Armenia and Turkey are neighbours
They cannot force out each other from the region.
To the questions on the recent Armenian-Turkish developments, answers the director of the A.D.Sakharov Armenian Human Rights Centre LEVON NERSISYAN.
- Do the protocols signed in Zurich correspond to our national interests or that is the vice verse, and they are a threat for the Armenian identity and the National security of Armenia as the new and old opposition claim?
- I would not put the question that way. Diplomacy is not a match with a known result: diplomacy is a game, where each player strives to bring his losses to the minimum and take the maximum of the game. This means, it’s not that we signed the protocols and that is all, we can wash our hands and stand aside. It’s never put that way in diplomacy. >>>>
Game of Democracy: Consequences
by Levon Nersisyan
The newest era of the country’s public-political development provided for unlimited opportunities for a definite range of our compatriots “advanced in the path of global liberalization” to realize V.I. Lenin’s postulate “about the opportunity for any cook to govern the state” on own example.
That is a strange but a fact that an average national voter, normally, does not care about the educational level of the candidates, their merit before the country and the society, and the same with their labor records or career path.
As a rule, the majority of candidates turn the election campaigns of any level to multiple repetitions of various variations of the word combinations “democracy, civil society and human rights” and to populistic (in some cases vulgar) reproaches on the authorities and unrealistic promises. >>>>
The morality of the Governmental Apparatus is a Trust in Authorities.
However regrettable to say, public-social improvements in the Republic are hindered not only the fighting part of the opposition, but also a layer of conservative bureaucrats, which under the “shadow” of evolving dynamic activities, work for their own interests.
In the elite of the authority structures of our dear motherland, they do not understand, or do not wish to understand, that domestic life of a country is commonly regulated not only by a wise vice-president and a number of ministers and regional governors like him, but also officials and executives of diverse calibers, which with their actions create such a public-social situation that results in alienation of major part of the population creating an atmosphere of distrust towards state structures. >>>>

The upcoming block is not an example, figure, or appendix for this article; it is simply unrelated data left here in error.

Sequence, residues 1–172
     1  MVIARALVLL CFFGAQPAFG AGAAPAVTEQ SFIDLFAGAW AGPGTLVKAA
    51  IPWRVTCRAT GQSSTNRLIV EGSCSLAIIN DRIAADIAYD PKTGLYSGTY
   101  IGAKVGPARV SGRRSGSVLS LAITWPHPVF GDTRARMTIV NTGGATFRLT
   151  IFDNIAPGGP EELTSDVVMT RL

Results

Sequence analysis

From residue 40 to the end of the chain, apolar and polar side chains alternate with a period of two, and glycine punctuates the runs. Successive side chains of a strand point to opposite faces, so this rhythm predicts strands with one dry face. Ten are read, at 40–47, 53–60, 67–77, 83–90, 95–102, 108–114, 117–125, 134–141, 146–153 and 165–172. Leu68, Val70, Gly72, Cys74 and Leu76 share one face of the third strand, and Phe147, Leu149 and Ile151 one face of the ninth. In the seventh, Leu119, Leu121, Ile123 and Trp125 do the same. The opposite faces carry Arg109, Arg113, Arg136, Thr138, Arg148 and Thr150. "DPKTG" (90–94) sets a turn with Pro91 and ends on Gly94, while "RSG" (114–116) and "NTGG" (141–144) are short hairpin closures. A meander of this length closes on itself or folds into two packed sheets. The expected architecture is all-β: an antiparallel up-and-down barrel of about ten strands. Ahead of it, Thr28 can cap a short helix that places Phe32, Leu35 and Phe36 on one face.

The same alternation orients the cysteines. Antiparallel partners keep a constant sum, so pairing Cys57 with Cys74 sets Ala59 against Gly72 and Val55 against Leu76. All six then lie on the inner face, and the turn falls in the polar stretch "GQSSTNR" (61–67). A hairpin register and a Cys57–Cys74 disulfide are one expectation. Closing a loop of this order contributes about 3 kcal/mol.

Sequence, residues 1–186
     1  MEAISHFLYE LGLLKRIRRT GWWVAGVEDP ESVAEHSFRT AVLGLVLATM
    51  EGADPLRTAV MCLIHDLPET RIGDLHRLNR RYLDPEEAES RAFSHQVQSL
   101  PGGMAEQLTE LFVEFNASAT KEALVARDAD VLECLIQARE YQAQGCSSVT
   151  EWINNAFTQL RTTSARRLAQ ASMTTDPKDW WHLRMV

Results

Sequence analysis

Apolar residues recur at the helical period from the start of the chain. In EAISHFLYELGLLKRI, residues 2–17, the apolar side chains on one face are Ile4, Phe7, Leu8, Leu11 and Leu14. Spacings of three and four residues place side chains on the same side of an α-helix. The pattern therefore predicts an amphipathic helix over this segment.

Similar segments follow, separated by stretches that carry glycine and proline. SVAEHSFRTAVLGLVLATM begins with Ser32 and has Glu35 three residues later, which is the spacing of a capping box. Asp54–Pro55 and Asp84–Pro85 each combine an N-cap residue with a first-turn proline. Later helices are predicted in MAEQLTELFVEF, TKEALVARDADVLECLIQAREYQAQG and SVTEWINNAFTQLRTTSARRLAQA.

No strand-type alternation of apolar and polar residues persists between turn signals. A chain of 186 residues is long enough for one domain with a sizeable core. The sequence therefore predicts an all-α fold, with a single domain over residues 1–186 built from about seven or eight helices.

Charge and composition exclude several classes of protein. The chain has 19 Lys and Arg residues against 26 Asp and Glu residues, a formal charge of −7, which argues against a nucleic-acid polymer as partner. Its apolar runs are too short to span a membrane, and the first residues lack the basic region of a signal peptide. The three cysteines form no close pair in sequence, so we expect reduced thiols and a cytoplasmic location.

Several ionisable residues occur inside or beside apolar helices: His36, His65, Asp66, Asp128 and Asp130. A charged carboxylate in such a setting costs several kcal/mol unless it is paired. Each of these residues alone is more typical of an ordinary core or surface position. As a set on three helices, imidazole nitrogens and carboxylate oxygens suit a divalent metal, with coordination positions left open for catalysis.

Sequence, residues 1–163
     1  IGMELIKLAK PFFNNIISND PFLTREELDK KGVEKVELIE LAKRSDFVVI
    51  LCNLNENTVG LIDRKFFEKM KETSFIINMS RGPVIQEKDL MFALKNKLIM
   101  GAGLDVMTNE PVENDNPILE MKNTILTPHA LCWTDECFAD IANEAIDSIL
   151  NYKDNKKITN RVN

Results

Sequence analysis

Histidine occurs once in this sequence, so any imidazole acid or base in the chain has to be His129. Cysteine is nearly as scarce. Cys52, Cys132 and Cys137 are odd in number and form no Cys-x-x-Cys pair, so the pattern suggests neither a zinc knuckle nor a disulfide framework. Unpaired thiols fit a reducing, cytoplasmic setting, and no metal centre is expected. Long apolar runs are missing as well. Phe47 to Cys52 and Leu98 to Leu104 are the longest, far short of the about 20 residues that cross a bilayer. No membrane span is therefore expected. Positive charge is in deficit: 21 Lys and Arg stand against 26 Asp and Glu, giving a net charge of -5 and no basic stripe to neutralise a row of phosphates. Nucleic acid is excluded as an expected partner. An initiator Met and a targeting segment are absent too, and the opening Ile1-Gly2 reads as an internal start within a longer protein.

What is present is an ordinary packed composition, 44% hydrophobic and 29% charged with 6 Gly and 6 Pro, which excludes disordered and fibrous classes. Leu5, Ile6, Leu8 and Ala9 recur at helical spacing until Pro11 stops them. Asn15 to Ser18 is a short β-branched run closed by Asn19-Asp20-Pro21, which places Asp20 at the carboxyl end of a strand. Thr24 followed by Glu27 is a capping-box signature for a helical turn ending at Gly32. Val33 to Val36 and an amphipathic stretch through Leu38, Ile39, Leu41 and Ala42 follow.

Some Results of the Armenian Presidential Election (February 19, 2008)
Comparative analysis of the results of the parliamentary elections (May 12, 2007) and the results of the presidential election (February 19, 2008) makes it possible to define (with definite confidence) the orientation of the nation’s social-political vector.
Preconditions supporting the present analysis:
1. The space of time (nine months) between the mentioned election campaigns was practically insignificant and the general background of the public-political situation during the mentioned period had not endured any cataclysms.
2. As a rule, the public-political component of the domestic voter's mentality identifies any political movement with the persona of the leader of that movement. >>>>
Ten Days, which Shocked the Nation
The Presidential elections finished. That was expectedthat after “election battles” the society would return to its everyday life. Serious ground for such assumptions was the positive assessments of international observers, opinions of which are “an ultimate truth” for people here and abroad.
That is not a secret that in very seldom cases on the post-soviet territory the opinion of the “guards of Western standards of democracy” concur with the opinion of the representatives of East-Asian society, which defend the principles of national identity from the total globalization of moral standards.
However, for the entire society of the Republic the electoral “trials” were flowerets only - the berries were to come yet, since the final act was being prepared with an enviable persistence not only in the “national political kitchen” but also out of its borders. >>>>
I. Power and Big Business